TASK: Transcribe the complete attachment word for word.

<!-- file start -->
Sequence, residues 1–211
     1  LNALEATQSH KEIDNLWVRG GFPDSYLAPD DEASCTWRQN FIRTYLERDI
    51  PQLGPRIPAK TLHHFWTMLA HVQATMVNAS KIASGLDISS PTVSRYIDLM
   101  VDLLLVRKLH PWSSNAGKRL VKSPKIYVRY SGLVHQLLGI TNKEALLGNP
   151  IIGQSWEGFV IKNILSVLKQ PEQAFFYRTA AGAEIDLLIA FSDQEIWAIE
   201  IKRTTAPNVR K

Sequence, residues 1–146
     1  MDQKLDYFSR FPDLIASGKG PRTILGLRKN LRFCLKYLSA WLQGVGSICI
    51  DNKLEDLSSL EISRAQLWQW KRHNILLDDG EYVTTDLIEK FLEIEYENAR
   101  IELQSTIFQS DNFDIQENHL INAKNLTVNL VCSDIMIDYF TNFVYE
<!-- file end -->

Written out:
Sequence, residues 1–211
     1  LNALEATQSH KEIDNLWVRG GFPDSYLAPD DEASCTWRQN FIRTYLERDI
    51  PQLGPRIPAK TLHHFWTMLA HVQATMVNAS KIASGLDISS PTVSRYIDLM
   101  VDLLLVRKLH PWSSNAGKRL VKSPKIYVRY SGLVHQLLGI TNKEALLGNP
   151  IIGQSWEGFV IKNILSVLKQ PEQAFFYRTA AGAEIDLLIA FSDQEIWAIE
   201  IKRTTAPNVR K

Sequence, residues 1–146
     1  MDQKLDYFSR FPDLIASGKG PRTILGLRKN LRFCLKYLSA WLQGVGSICI
    51  DNKLEDLSSL EISRAQLWQW KRHNILLDDG EYVTTDLIEK FLEIEYENAR
   101  IELQSTIFQS DNFDIQENHL INAKNLTVNL VCSDIMIDYF TNFVYE